Boarding is an outdated term that is still in circulation but legally does not have any meaning. It is a term that people associate with losing their job because they aren’t medically able to do it any more. People associate it with money and sitting at home getting paid. This is a misconception that sets your patient up for failure, failure in your rehabilitation
and failure in returning to work. Boarding’s correct term is Incapacity and this is either due to poor performance or ill health. And there isn’t money linked directly to it. We are physiotherapists – so why should we worry about whether the person loses their job or not. Surely that is out of our scope.
Not true – you as the physiotherapist, are well positioned to influence whether the goals your patient sets are focused on rehabilitating so they can remain employed or focused on chasing the pot of gold that isn’t there. But you need to know your facts and know your place.
So before I explain more about incapacity, let me discuss a few critical concepts.


Evidence suggests work is good for health. If someone loses their job they lose their socioeconomic status, their identity, life roles, social contacts and frequently their purpose. The secondary losses can be devastating for the individual and their family, these include depression, anxiety and the burden of dependency on others. The literature shows that unemployment is associated with poorer health outcomes, and an increased risk of suicide.
In a country where unemployment is so high, the larger socioeconomic impact is huge and in many cases avoidable.


So where work is for money we cal it employment, so let us understand what employment constitutes. Employment is a contractual arrangement where theemployee agrees to meet the requirements detailed in the job description i.e. if they do A,B and C then in return the employer pays the employee D, an agreed wage, salary etc.

See in the diagram below, reproduced with permission from labour lawyer, Andrew Breetzke. The top line shows that this employment relationship between the employer and the employee, is governed by a number of pieces of legislation.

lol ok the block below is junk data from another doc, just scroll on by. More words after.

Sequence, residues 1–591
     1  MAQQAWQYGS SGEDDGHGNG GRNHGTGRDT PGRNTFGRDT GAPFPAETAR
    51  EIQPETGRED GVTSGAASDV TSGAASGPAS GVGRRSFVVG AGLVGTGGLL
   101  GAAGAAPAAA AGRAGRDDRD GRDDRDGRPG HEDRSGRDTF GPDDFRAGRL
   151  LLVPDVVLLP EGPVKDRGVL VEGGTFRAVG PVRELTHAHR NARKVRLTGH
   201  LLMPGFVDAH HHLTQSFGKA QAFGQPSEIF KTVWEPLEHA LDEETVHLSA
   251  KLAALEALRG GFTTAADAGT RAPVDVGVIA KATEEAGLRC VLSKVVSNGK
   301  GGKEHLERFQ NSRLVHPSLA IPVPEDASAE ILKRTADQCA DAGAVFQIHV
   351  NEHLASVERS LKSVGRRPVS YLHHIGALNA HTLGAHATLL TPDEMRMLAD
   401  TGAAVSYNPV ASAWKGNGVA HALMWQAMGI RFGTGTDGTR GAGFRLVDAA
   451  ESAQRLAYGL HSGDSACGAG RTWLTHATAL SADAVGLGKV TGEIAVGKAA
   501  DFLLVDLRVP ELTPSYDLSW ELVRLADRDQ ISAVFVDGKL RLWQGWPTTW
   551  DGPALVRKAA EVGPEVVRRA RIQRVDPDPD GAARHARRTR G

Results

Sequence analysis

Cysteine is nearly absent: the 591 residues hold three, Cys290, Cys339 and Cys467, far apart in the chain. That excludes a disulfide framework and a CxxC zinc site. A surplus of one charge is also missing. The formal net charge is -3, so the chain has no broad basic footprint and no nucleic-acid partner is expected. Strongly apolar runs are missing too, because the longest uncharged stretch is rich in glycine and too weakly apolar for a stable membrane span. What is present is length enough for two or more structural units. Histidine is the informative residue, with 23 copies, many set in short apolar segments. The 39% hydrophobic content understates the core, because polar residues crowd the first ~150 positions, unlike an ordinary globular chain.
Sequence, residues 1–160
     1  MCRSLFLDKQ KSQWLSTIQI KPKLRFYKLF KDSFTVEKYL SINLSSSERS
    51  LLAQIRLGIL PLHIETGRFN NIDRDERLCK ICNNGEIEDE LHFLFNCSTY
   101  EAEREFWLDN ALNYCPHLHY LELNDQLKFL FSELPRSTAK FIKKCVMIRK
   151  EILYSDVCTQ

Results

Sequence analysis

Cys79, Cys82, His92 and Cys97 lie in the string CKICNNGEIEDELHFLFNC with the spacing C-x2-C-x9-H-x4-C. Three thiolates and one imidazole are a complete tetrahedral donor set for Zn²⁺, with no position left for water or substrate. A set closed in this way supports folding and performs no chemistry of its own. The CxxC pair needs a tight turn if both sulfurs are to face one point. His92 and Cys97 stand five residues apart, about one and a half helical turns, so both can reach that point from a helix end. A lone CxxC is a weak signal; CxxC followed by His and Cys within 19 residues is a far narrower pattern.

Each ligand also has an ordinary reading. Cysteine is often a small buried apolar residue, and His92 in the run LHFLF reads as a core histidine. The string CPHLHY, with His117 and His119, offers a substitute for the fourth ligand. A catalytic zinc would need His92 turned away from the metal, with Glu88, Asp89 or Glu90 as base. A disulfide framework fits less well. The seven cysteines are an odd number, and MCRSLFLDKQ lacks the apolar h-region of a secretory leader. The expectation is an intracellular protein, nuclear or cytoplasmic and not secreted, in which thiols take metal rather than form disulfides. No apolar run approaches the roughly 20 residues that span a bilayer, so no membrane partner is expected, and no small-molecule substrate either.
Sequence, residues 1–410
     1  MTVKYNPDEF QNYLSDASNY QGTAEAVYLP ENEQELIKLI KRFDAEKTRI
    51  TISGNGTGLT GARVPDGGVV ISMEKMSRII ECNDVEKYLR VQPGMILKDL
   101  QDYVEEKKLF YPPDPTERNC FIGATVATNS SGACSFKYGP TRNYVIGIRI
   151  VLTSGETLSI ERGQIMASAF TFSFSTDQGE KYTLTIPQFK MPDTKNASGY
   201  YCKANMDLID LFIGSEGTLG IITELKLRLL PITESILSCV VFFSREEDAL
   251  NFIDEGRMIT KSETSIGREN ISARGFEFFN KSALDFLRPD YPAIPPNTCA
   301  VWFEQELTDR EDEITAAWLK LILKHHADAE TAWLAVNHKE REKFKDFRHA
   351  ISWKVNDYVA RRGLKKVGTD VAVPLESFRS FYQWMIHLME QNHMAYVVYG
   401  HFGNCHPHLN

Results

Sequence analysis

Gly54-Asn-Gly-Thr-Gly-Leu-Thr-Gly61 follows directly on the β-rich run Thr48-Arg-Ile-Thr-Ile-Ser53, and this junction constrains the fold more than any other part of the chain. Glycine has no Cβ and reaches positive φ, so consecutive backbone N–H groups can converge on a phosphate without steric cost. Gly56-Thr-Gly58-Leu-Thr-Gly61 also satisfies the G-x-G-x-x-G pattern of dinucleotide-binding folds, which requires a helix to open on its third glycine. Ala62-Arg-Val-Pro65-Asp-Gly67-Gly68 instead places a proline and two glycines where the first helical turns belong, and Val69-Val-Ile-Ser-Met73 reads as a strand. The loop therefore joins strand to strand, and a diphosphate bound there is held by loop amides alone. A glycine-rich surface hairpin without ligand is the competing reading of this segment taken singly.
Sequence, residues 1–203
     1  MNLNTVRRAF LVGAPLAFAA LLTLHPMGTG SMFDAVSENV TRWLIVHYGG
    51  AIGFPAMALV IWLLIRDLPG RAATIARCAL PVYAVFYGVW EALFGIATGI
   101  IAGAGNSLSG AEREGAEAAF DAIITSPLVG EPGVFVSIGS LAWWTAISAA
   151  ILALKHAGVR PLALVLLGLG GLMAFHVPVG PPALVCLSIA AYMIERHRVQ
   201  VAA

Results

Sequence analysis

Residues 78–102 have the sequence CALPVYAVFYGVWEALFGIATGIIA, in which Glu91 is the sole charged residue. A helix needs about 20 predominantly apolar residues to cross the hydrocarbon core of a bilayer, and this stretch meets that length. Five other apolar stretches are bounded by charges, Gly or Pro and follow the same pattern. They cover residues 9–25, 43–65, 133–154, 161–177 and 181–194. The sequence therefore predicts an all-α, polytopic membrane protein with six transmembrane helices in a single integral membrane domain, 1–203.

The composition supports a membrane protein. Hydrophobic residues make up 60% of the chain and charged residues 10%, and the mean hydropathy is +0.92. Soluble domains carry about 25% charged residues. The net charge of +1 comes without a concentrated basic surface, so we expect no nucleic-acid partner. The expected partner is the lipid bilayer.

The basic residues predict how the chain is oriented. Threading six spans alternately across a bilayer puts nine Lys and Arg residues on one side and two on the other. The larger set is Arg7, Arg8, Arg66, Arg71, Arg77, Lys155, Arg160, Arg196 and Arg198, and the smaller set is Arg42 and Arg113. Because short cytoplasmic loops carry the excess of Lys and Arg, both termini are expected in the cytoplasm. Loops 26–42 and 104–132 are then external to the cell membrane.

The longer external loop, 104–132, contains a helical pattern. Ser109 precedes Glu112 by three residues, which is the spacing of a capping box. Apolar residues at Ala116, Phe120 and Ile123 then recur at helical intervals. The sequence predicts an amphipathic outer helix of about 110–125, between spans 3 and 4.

The line going down perpendicularly indicates that most big employers, but not all employers, as part of the employment package, contribute towards a pension or provident fund.

Pension fund is usually made up of two parts:

  • Retirement annuity
  • Disability Insurance Policy

Should the employee no longer be able to meet those contractual obligations, then their employment could be at risk. And at this point the legislation in the contractual relationship comes into play as well as the rules of the Pension Fund.


The employer will from time to time review the Pension Fund contracts and the rules of the fund specific to that contract. As with anything, the more expensive contracts will usually have more benefits than the cheaper options. These fund rules need to be available to all employees. However these rules are complex and are often not well understood by the employee.
In essence, the rules of the fund will determine what, when, how and if anything gets paid from the:

In essence, the rules of the fund will determine what, when, how and if anything gets paid from the:

  • Retirement Annuity
  • Disability Insurance

What is very important to know is that whether any money gets paid out or not, it is not the decision of the doctor, the physio, the OT, the employee or even the employer. Only the fund will make those decisions based on the rules of that specific fund.


When an employer contributes towards a retirement annuity as part of the contractual arrangement, a portion is usually paid also paid from the employee’s salary. If someone loses their job, then this money should be transferred to another fund so that the investment for retirement continues. We all know that the last few years before retirement is when the value really increases significantly.